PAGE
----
My first OCR was a Spartan Beast in 2016. As someone who had only done one 5k at the time I signed up, it was intimidating thinking of going for 13-ish miles. I did the Beast first because I signed up for the wrong Chicago race initially, then decided I might as well go all in and complete the trifecta even if it meant that the Beast was my initial OCR as it was the closest.
It was painful, as I bet many of you felt during your first race. During the uphill sandbag carry I discovered the debilitating, stop you in your tracks as your legs will not function, joy of leg cramps – and the miracle of mustard, which I will only eat during races to counter cramping! When I eventually crossed the finish line 5 hours and 48 minutes later, I had not only chanted many “keep moving” lines from movies to keep going, I had also fallen in love with a sport I used to think was crazy, and I wanted to do it again. Not right away, but within a week or two.
At some point last fall, my mindset started to change from “the people who multilap and do an ultra are nuts” to “I think I want to do an Ultra.” I don’t know what switched in my brain, maybe I wanted a new challenge. Thankfully my coach, Ryan Hart, is a firm believer in the value of multi-laps at races and finding new and inventive ways to bring the suck. For any other questions I had it was not difficult to find the Ultra crazies on FB who are always willing to provide you with information and tips, which has proven to be been both a life saver and a way to ratchet my fear up to eleventy-stupid. Here are a couple of things I have learned that may help you.
The past eight Sunday mornings have been spent at the highest point of elevation in the Chicagoland area going up, down, up, down, up, down, around, with and without sandbags, pancakes, and buckets. I’ve also power walked with the treadmill cranked up as high as it would go for at least an hour once a week, trying to hold onto it as little as possible, as well as my normal runs in my attempt to like running as much as I like carrying heavy things. It’s not working yet, but I have hope. I just want to get as much time on my feet as possible and gain as much climbing comfort as I can.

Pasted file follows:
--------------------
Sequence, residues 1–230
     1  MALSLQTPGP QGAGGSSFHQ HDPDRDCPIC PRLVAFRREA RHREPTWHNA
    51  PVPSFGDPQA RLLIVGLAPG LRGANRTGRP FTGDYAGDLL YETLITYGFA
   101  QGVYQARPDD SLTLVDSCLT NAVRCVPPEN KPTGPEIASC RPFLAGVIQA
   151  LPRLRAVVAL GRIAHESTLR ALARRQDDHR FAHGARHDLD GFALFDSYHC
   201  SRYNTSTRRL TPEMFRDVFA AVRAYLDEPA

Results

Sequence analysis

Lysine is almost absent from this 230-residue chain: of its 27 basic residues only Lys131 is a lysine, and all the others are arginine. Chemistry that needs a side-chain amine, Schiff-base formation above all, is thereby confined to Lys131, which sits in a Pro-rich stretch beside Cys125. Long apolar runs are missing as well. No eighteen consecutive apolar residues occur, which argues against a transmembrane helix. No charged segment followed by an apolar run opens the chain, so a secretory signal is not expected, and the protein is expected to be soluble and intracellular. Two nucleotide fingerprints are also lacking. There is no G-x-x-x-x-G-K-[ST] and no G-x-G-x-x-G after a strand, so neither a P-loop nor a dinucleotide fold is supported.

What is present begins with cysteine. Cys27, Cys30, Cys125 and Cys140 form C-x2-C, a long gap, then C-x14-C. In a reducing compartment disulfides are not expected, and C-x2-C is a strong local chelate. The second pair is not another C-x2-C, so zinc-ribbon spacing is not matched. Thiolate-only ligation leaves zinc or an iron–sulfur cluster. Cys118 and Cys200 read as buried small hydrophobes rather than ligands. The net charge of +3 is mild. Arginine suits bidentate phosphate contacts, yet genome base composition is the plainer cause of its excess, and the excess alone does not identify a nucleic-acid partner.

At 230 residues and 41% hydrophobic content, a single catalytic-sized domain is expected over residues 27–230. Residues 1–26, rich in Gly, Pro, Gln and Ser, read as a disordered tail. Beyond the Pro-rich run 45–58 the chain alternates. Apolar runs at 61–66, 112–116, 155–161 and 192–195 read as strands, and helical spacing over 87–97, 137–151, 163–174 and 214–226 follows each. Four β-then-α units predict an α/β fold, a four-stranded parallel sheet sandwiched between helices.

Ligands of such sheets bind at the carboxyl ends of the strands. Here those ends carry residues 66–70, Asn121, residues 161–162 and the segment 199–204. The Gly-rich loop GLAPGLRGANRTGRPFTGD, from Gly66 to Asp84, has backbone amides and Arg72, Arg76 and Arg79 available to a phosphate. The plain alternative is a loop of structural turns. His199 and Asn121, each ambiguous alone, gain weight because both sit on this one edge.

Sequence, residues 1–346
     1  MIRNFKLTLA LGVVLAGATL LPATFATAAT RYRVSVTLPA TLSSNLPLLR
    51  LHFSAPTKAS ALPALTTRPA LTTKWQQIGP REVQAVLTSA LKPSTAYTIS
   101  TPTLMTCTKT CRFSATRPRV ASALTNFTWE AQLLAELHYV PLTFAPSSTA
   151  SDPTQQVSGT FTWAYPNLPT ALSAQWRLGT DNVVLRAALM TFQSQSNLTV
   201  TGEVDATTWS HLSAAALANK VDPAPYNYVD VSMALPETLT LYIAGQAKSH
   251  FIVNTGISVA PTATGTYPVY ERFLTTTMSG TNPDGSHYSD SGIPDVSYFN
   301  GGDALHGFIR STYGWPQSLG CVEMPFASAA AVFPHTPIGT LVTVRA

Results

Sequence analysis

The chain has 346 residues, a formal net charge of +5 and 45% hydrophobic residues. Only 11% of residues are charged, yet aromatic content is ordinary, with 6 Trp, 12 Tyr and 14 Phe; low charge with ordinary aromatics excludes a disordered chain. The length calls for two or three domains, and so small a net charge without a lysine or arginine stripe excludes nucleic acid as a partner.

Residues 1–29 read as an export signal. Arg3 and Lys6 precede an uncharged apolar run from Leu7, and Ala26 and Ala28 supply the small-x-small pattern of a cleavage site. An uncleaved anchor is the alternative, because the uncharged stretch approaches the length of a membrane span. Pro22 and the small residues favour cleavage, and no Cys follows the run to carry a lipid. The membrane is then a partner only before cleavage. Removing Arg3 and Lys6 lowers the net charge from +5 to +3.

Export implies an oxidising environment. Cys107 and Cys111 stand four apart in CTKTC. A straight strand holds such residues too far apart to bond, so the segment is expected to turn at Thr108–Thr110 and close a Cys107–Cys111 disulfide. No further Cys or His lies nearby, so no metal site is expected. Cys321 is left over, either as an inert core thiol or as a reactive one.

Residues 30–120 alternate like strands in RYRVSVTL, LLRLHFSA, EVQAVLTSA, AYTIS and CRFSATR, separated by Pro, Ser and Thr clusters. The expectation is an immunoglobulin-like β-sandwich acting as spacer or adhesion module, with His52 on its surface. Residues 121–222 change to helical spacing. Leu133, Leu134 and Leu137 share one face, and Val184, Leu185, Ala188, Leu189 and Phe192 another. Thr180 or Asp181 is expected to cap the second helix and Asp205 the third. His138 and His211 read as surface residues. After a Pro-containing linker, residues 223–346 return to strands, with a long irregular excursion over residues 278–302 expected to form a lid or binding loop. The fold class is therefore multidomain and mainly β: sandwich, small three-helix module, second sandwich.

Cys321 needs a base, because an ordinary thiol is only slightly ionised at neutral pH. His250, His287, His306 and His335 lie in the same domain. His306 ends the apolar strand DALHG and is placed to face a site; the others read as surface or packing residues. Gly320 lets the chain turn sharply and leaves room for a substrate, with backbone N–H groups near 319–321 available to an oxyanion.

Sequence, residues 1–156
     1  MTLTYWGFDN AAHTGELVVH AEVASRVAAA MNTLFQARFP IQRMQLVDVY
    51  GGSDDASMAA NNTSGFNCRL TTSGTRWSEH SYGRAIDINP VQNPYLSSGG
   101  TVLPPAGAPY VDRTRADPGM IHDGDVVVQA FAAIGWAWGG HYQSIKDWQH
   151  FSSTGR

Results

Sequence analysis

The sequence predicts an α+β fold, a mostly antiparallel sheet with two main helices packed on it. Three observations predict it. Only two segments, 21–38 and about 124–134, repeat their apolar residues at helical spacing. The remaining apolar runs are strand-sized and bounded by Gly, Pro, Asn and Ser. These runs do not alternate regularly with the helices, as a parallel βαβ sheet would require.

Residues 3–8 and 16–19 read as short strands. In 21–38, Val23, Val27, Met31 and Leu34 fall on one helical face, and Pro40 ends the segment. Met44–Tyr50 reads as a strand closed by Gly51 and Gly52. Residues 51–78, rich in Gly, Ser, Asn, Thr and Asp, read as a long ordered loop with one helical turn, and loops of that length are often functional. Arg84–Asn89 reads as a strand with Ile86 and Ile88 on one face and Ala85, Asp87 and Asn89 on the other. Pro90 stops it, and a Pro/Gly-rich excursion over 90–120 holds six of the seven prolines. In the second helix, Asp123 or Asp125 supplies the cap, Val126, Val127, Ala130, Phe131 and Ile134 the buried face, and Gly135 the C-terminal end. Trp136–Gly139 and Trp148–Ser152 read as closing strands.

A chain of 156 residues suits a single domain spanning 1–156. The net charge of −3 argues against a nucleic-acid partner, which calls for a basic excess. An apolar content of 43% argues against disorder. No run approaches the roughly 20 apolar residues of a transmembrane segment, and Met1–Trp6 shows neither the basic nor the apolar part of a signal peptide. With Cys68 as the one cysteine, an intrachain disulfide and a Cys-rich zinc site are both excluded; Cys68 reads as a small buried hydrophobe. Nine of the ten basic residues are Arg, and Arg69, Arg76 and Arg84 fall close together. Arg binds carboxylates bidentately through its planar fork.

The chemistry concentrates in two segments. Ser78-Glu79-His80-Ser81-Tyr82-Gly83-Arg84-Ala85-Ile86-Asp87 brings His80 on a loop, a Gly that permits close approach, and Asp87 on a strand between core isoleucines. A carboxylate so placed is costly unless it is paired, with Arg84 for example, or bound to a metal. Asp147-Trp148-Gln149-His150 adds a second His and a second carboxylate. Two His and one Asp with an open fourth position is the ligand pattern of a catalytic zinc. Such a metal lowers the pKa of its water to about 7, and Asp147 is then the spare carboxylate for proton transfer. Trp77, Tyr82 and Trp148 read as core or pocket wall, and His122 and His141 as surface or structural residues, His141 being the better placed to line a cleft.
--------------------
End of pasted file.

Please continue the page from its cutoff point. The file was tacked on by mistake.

A key component I have been struggling with is nutrition. What can I eat before the race that won’t make my stomach go loopy? If I don’t have to do burpees right away, oatmeal and 2 hard boiled eggs work well, as has half a sweet potato with a tablespoon of peanut butter. Over the course of my almost 7 hour training workout I learned that a good fueling strategy was a couple sips of water with electrolytes every hour paired with a couple chews or half a goo every 2 miles. I am glad that I played with that in my last big training session as it showed me that I need to throw some real food into the mix, as my stomach started to get tired of the goo, even though the brand I used was all natural. In the weeks leading up I am playing with how much water should I get and how much sodium? What should I eat the night before so my body has the right types of fuel to survive? How can I alter other people’s recommendations so that they are Gluten Free and I won’t have a Celiac flare mid-race? There are just some of the things I never thought I would be pondering.
They hardest thing to get ready for has been the mental aspect. I’ve listened to more self-help type books over the past couple of months than I have in my life. I’m not sure if they have helped yet, but I am hoping when I am out there in the suck what I heard will bubble up and help me gird my brain and power through. Everything got a test on Sunday when I had a 6:50 minute workout that saw me achieve over 21 miles and 5,000 feet + of elevation. When we started it was cold and a little wet, but about an hour in it started to snow – in mid April. It was not a soft, fluffy snow. Nope. Mother Nature decided we needed the extra wet, slushy type of snow, the kind that slashes your face when you run downhill and leaves you surprised to discover your face isn’t bleeding when you stop. reached a point where it hurt to run, I was cold, wet, and miserable. Everything was screaming at me to just get in my car, get warm, and go home, but I also wanted to either complete the workout or be told to stop. Being a part of Team “Did Not Quit” not “Did Not Finish” became my goal, and in doing so I proved that my mental game is a bit stronger than I thought it was.
I am not sure how my Ultra is going to go. Currently I have lists everywhere of everything I need to buy, pack, arrange, circumnavigate, whatever. know I will have a LegendBorne jersey on at all times, even if I don’t yet know which ones I am packing. So, if you see me in New Jersey, say “hi” or “Go Ultra” and know I am going to continue writing my legacy as one who does not quit when the going gets tough.
by ambassador Mel Heeres